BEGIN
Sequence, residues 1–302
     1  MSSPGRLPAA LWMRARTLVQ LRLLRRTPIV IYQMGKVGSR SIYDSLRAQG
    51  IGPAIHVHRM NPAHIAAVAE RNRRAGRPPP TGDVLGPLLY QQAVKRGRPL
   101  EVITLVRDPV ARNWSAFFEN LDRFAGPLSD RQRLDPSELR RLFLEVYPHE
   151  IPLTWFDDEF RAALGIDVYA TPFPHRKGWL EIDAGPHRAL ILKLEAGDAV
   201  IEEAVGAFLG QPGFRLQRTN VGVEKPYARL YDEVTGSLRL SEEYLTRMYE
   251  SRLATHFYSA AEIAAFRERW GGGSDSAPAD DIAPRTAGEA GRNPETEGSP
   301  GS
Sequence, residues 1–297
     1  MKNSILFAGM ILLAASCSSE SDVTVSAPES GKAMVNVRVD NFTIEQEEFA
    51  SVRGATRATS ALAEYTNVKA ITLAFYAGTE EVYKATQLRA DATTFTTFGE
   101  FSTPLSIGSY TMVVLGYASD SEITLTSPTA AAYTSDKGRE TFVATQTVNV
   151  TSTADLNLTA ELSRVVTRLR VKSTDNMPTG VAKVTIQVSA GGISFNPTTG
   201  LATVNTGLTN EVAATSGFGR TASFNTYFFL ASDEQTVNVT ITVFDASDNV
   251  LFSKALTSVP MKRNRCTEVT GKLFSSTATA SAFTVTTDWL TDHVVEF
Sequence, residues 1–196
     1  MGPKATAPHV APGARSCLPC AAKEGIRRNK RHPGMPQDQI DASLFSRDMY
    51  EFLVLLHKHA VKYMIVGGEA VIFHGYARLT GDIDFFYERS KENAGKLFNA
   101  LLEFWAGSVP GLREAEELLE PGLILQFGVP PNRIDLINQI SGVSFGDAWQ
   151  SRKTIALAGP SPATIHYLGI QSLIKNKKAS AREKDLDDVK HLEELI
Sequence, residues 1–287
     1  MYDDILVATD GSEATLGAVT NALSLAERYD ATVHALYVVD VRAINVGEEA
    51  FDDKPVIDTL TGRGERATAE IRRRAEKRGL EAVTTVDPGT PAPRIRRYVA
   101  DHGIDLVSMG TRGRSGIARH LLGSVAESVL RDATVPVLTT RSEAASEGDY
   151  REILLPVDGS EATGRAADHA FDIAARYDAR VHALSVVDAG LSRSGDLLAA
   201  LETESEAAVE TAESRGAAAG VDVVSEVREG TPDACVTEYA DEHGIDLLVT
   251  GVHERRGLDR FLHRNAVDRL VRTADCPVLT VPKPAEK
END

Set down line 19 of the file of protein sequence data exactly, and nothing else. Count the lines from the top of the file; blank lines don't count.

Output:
   101  LLEFWAGSVP GLREAEELLE PGLILQFGVP PNRIDLINQI SGVSFGDAWQ